House Ag Democrats Advance Budget on Party Line Vote, Sink GOP Amendments


House Ag Democrats advanced over two days, the panel’s part of the $3.5 trillion Biden social spending bill on a party-line (27-24) vote, after killing numerous GOP amendments.

One after another, on keeping the stepped-up basis, including major broadband legislation, extending WHIP-plus disaster aid, and boosting dollars for African Swine Fever, Democrats killed GOP amendments to the $96 billion Ag part of the budget.

Ranking Ag Republican GT Thompson grew frustrated after repeated failed efforts to urge the Ways and Means Committee to keep the stepped-up-basis tax break for farms and ranches. “So far, we’ve offered you the chance to adjourn this hearing until we could get more information—you declined. Mr. Feenstra suggested a novel way to protect farmers, but you declined that, too. Mrs. Fischbach offered an amendment drafted from your own words, laying out a powerful case against laying out new taxes on farmers, but you declined that as well.”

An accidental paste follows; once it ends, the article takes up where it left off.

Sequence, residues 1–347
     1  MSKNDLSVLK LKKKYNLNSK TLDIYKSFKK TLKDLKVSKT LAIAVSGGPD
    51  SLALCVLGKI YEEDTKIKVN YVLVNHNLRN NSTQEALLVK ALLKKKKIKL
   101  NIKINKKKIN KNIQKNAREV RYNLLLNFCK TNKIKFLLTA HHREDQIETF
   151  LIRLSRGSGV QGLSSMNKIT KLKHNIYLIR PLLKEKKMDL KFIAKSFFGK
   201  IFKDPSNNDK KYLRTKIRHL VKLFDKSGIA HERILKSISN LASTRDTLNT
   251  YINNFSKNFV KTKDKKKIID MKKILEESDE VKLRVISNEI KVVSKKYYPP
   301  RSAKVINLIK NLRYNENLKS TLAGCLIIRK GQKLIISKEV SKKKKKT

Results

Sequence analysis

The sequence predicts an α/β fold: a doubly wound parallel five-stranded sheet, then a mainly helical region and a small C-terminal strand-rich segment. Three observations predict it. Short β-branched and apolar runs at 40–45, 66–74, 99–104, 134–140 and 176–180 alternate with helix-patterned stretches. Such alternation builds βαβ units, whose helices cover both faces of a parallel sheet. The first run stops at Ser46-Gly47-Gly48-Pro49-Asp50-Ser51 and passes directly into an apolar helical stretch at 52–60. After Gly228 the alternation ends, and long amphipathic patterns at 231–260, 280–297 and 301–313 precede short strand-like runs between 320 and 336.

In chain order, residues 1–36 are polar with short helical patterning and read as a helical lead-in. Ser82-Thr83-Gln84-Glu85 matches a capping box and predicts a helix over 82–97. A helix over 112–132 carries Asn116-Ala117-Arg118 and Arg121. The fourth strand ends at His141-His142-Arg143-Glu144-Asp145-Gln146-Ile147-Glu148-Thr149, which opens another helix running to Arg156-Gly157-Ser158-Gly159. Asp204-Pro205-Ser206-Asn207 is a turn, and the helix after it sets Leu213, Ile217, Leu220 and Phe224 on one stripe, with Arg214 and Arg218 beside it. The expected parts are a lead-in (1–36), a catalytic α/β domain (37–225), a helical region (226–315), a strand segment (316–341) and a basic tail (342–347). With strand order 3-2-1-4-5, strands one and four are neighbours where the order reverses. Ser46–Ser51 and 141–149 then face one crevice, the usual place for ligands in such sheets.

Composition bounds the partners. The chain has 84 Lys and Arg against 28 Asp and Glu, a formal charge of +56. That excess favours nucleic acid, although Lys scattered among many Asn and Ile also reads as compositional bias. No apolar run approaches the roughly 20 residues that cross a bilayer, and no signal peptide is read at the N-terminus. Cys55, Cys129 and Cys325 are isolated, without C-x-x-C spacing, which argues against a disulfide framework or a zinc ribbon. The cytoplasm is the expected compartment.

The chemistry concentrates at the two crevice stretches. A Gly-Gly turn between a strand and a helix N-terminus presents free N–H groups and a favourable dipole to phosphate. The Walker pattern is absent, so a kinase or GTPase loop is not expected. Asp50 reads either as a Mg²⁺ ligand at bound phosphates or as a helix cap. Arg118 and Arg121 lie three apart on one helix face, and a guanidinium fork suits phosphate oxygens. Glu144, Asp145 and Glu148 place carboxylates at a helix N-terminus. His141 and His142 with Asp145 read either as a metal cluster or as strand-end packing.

And so, it went for nine hours with votes completed Monday, as GOP riders fell, including one to include House Ag’s unanimously passed $43 billion Broadband Internet Connections for Rural America Act.

But Ag Democrats led by Chairman David Scott were sticking to the Speaker Pelosi’s script on the Ag budget.  Scott conceded he could not do otherwise. “Right now, it’s very delicate, I’m in a delicate position, and my position would be weakened. I want to keep myself strong in this, and you and I working together, we got enough Democrats on our side, that we can make a difference in helping our farmers, not be subjected to the step-up.”

But none of that may matter if moderate Senate Democrat Joe Manchin dashes Democrats’ hopes for $3.5 trillion in social spending, telling NBC’s “Meet the Press” that “we’ve got to get back to this country to where we, that we can look at each other and agree to disagree, and then work through our differences, that’s where the Senate comes in.”

Manchin on CNN said he could only back up to $1.5 trillion in new social spending, arguing for a pause on the Biden bill and stressing the urgency of finishing a road and bridge bill first—an order House Democrats vehemently oppose in a fight that could derail both bills.